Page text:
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What would the difference be if we called them the Terrific Twos?

Why not the “Terrific Twos”?
Why not the “Terrific Twos”? HEIDI WALKER

Today’s column was prompted by a note from a friend. She wrote to say she would love to be able to take one of my parenting communication workshops because she was deep in the throes of “The Terrible Twos.” I wrote back and asked, “What would the difference be if you turn it around and called them the ‘Terrific Twos?’”

This week I would love some feedback from readers to include in a future blog post that will help to turn the tide on the phrase “The Terrible Twos.” Labels are destructive, and there is no more destructive phrase than this one, as far as I am concerned.

I think that the twos are terrific, and I want more parents to look at their child’s two-year and toddler stage in this way.

I remember loving the fact that I now had some inkling to what my little ones were thinking about and wanting to do , as opposed to when they were sitting there as a baby without the language or physical capabilities to really get it all out. I loved seeing their personality developing and getting a glimpse of the child they were becoming. I remember it felt like I could almost see the cognitive and physical developments taking place so quickly. I loved the twos for each of my three children and made a conscious effort to refrain from describing this stage as anything but terrific.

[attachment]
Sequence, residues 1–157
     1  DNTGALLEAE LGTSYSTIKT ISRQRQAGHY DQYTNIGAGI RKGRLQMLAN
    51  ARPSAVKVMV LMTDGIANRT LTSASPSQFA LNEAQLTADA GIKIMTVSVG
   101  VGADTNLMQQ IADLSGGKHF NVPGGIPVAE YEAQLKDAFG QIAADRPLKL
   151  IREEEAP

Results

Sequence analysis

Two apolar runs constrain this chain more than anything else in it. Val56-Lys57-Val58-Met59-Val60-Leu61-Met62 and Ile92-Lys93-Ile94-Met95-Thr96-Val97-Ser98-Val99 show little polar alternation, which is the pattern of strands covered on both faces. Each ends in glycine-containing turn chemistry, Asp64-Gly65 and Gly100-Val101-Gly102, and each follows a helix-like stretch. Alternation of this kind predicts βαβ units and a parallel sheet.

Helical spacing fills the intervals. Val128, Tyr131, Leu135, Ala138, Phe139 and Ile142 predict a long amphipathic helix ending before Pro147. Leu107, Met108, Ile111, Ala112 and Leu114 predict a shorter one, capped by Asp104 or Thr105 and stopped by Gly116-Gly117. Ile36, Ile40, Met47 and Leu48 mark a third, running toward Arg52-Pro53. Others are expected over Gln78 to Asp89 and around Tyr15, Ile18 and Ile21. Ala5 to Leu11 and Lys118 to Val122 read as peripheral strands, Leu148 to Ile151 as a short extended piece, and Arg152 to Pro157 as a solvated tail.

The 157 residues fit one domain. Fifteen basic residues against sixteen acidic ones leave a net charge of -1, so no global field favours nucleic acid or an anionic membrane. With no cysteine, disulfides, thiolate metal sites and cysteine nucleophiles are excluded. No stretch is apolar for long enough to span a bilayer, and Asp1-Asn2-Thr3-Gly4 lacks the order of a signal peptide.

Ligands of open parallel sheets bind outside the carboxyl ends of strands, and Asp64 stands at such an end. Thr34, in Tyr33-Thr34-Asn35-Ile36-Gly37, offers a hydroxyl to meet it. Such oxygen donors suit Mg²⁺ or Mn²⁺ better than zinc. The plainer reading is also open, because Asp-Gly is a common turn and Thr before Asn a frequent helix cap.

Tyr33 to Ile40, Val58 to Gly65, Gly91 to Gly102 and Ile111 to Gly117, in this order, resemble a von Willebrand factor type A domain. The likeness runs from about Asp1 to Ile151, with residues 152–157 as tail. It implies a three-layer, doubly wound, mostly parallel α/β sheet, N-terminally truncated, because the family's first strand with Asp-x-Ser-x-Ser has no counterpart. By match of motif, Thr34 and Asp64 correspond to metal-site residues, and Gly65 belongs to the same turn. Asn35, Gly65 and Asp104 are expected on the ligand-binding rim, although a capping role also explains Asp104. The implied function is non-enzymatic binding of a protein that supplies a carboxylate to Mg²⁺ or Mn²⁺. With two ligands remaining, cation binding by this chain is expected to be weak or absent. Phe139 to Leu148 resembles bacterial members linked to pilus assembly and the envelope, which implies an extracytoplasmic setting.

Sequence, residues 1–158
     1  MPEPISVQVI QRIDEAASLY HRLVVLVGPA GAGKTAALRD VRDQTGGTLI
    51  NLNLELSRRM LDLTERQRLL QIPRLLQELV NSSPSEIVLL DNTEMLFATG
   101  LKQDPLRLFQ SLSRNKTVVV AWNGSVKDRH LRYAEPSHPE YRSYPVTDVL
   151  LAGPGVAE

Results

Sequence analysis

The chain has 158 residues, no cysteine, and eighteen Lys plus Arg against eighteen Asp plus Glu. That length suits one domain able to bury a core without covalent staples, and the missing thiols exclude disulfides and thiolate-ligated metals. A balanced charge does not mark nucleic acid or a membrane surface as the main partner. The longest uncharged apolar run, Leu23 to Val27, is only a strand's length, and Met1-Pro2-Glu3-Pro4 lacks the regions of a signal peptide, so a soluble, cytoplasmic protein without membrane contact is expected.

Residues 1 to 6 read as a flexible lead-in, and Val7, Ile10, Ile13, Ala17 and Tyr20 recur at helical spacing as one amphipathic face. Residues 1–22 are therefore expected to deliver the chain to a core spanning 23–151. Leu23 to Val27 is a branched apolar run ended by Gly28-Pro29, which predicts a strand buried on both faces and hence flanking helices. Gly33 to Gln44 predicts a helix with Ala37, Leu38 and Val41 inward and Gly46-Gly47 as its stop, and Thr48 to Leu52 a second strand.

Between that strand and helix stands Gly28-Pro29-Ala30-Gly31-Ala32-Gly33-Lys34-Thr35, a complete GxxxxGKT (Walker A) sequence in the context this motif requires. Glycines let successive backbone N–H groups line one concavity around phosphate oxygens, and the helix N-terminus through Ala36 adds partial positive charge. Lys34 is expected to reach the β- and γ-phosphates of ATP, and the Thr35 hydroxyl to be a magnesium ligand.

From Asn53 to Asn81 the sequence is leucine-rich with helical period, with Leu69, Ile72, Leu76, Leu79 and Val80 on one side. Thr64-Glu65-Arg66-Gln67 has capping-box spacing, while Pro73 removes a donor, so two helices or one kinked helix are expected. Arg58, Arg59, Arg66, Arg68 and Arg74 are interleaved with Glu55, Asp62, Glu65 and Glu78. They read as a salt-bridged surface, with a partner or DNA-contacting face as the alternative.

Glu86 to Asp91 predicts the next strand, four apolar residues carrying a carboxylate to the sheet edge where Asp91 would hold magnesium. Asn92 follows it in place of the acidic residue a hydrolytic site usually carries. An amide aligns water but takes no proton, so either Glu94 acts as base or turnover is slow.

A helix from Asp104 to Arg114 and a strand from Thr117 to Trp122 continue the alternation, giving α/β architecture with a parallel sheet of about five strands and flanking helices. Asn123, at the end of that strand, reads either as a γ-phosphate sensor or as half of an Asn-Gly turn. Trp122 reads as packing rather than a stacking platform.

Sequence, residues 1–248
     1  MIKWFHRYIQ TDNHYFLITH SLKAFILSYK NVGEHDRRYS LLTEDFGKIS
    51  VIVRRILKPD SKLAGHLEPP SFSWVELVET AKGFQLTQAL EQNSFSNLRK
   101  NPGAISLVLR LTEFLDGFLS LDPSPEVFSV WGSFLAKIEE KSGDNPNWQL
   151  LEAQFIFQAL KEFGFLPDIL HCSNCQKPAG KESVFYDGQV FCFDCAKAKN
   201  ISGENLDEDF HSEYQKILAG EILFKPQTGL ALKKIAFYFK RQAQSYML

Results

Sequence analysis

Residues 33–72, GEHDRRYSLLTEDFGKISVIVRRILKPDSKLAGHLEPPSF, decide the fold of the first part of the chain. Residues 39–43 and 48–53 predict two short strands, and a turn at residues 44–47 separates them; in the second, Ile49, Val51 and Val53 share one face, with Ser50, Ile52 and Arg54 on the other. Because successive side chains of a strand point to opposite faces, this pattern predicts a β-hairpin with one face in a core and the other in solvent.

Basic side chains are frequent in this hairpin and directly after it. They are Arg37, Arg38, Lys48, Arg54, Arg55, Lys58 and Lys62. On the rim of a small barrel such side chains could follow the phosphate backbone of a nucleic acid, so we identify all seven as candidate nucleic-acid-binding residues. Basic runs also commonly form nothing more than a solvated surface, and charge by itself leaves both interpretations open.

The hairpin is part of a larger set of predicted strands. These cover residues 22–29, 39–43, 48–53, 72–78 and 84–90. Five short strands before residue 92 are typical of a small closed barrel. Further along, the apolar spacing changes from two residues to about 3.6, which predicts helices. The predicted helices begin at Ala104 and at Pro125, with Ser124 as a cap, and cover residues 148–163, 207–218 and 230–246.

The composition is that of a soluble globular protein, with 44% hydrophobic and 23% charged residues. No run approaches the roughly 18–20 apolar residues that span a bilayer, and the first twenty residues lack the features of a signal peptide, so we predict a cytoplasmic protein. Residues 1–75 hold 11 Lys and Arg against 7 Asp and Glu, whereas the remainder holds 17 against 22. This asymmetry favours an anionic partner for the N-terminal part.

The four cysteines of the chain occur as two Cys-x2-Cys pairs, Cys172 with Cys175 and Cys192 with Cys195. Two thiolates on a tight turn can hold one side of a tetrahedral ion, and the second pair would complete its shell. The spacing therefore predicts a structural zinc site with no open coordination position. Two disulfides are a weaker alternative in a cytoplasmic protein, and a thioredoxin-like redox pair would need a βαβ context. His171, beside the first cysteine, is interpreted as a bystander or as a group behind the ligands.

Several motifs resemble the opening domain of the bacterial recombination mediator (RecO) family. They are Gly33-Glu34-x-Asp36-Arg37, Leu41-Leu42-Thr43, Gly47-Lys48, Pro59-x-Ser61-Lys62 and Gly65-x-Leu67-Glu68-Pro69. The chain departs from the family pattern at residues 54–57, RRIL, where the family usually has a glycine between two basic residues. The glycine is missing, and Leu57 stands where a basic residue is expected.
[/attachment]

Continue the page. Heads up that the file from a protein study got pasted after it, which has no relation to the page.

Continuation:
According to Alan Kazdin, Ph.D., director of the Parenting Center at Yale, the phrase “Terrible Twos” has been around since the 1950s. He says, “It’s an old fashioned idea and not supported by research.” So why do we continue to use this phrase when it doesn’t help our relationship-building with our children at this stage?

Help me get rid of this phrase by going to the comment section of this story on and sharing your memories or current experiences of what you love about “The Terrific Twos.” Your comment could be used in a future blog post.